Dr Sutcliffe said that the top-up on housing was not an unfunded mandate. E-Thekwini had decided not to build houses that were of an inferior quality, and that money for the top-up was being paid out of the rates base. The administration costs of the housing programme, and the things that had been "dumped" by provincial government were the unfunded mandates.

Mr Hattingh added that, in respect of the remarks around 2010, it was never the intention of National Government to pay for the full costs. There was a fiscal framework, and the 2010 Team would have to decide what was affordable.

The Chairperson asked what would happen in the context of the price increases.

Mr Hattingh suggested that it would be useful for the 2010 Task Team to come to the Committee to explain certain decisions.

The Chairperson agreed; since there was a need to deal with the escalations, some of which had been dealt with in the adjustments

Mr Hattingh agreed that there had been contributions though the adjustment budget.

Mr Hattingh then commented on the suggestion of having a fund to fast track for construction and development. He said that NT must consider that. The intention was to divert the most money not to metros, but to the poorer municipalities. That did not take away the challenges around funding.

Mr Hattingh noted that the business tax should perhaps be dealt with by the Financial and Fiscal Commission. He said that there had been replacement of the former Regional Service Council levies by a fuel tax approved by the Minister, and he would encourage this approach rather than adding another business tax.

Mr Hattingh commented that there was a challenge in the way that information was presented. It seemed, from the slides, that the municipality was over-spending. Some of the work done jointly in the processes must be reflected in the budget.

A representative from the Department of Provincial and Local Government (DPLG) questioned some of the figures on the slides. He said that although E-Thekwini had done well in spending on the MIG, there was some question about achievements on the ground. E-Thekwini had received the highest allocations, receiving R456 million in this year. Over the past four years over R1.5 billion had been granted. He said that if the money was being properly spent then greater results should be seen. He noted that the backlogs figure was virtually the same now and in 2004. There was a need to state exactly what the funding had achieved. He suggested that there was a need to tighten the monitoring systems and said that there was work being done with NT to address some of the issues.

Dr Sutcliffe noted that of the figure of backlogs, a large percentage was in respect of housing. The E-Thekwini was grateful for the MIG funding but this was certainly not sufficient to deal with the backlogs. 

Dr Cornelius Ruiters, Deputy Director General, Department of Water Affairs and Forestry (DWAF) noted that it was disappointing not to see a detailed breakdown of the backlogs other than on slides 33 and 4. He noted that there had been engagement with E-Thekwini on Umgeni Water, and there was a need to see what the main issues were and how to address them.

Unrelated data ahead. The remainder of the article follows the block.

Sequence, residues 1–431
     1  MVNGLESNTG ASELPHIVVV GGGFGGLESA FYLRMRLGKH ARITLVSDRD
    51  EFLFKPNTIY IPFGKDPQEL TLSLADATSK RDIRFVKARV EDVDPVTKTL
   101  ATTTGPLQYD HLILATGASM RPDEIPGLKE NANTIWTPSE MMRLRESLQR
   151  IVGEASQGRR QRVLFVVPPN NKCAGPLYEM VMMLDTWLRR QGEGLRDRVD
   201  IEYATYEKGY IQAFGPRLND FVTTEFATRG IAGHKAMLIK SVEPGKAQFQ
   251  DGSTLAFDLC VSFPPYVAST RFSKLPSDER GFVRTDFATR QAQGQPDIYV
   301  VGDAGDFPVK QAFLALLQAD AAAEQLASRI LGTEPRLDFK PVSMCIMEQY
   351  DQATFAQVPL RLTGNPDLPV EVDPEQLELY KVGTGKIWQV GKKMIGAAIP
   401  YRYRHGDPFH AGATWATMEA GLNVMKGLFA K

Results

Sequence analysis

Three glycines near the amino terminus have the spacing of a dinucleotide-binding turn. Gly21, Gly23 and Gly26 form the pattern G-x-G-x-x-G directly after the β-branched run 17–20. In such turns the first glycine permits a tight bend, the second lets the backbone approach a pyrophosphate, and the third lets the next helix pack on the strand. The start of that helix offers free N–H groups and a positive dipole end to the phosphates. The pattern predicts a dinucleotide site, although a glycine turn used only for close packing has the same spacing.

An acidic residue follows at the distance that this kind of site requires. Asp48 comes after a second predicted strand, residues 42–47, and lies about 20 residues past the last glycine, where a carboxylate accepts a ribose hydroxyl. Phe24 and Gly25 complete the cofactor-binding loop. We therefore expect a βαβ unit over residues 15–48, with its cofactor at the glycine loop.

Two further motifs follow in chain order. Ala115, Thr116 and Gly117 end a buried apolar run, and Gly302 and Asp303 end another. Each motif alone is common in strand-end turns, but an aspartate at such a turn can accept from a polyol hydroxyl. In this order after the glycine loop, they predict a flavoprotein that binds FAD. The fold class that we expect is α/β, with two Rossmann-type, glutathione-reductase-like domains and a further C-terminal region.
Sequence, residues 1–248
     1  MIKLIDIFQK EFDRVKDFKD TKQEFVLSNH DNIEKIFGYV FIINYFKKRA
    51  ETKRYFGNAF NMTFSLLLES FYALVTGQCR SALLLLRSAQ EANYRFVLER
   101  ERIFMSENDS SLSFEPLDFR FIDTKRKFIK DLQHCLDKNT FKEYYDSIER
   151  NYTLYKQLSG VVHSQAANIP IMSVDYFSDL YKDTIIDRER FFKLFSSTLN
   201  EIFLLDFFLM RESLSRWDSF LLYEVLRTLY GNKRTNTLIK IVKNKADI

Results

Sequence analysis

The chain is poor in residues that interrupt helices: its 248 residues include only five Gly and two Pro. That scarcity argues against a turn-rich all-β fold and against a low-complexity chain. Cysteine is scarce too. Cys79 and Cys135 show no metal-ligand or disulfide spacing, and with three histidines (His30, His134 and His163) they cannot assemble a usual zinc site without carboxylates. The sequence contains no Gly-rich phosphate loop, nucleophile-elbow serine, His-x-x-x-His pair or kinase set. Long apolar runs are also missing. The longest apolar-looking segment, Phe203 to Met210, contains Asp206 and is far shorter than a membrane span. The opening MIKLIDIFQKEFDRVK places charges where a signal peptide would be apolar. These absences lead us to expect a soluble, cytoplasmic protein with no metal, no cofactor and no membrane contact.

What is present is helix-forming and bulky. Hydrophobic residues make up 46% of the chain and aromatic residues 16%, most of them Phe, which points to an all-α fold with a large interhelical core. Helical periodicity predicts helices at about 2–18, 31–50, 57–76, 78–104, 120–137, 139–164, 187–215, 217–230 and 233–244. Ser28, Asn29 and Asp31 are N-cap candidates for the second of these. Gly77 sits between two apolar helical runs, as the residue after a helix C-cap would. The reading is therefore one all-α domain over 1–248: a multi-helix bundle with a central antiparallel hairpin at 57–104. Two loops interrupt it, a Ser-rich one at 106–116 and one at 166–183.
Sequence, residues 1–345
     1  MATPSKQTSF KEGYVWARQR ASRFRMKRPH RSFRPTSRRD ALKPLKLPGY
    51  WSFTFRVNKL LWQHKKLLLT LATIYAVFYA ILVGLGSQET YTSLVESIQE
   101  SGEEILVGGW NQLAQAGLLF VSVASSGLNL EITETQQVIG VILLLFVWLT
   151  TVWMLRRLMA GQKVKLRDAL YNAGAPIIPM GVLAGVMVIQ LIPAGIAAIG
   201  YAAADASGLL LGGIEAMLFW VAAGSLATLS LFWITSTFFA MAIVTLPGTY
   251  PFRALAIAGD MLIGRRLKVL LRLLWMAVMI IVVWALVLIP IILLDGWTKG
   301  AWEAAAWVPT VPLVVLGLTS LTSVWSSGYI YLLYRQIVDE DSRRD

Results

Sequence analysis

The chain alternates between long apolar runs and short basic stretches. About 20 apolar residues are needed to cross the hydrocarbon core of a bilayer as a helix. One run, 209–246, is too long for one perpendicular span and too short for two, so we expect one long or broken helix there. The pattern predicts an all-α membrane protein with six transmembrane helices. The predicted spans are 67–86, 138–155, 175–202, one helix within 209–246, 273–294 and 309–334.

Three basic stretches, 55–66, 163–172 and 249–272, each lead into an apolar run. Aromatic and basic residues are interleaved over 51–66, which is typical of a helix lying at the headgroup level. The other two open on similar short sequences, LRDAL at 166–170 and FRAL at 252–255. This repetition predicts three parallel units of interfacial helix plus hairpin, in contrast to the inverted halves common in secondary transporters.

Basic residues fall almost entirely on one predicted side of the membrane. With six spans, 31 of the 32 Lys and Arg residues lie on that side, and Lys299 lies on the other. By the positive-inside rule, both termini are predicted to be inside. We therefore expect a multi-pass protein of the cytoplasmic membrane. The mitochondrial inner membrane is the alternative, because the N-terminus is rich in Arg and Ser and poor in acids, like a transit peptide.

The Chairperson urged several times that a fixed date must be set for the meeting and the report back.

Mr Ruiters added that there were plans to augment supply from one dam and to raise the Hazelmere Dam. Security of supply was being addressed. In answer to a question from the Chairperson, he confirmed that the municipalities had been part of the process. .

A representative from Eskom, in response to a question about the supply and alignment with IDPs, confirmed that he had copies of letters exchanged. There were monthly reports being made to the municipality. There would also be regular meetings with the town engineer.

Mr Bongani Khumalo, Deputy Chairperson, Financial and Fiscal Commission, commented upon the business tax. In the 2008 Division of Revenue Act (DORA) there had been suggestions that municipalities explore other taxes under the legislation, and FFC had no problem with the business tax, which was a purely local tax over which E-Thekwini had control.  Whilst he understood where NT was coming from in remarking upon the replacement of the RSC levies, this did not fall in this category, being local tax and not to do with revenue sharing. In principle the FFC would support it, and felt it was within E-Thekwini’s power to decide what tax to enforce. 

Dr Sutcliffe noted that it was useful that this Committee was debating the levies. This was a disputed cost and he thought that it should be decided upon once and for all, as the doubt about it was affecting the transformation issues.

The Chairperson noted that there had been no reference, in the report on the compliance with the MFMA, to moneys invested. He noted that investments were authorised of moneys not needed immediately, under Sections 13 and 14, but asked whether this was being properly dealt with, and noted also that if there were investments the E-Thekwini must explain its requests for more funding.

Dr Sutcliffe noted that these were not long term investments. He noted that his investment team, which was investing the surplus that was not needed each month, had actually out-performed the banking sector investors.